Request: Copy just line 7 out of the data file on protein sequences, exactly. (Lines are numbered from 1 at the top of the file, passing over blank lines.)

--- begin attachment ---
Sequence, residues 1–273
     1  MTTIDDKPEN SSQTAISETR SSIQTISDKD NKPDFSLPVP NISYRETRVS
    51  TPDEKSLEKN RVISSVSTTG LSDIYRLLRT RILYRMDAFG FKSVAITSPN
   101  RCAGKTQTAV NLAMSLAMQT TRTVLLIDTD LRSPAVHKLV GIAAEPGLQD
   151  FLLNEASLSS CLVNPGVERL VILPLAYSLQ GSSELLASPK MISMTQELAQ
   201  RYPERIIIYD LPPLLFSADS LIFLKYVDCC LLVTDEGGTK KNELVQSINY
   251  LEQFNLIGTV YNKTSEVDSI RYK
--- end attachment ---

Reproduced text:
   251  LEQFNLIGTV YNKTSEVDSI RYK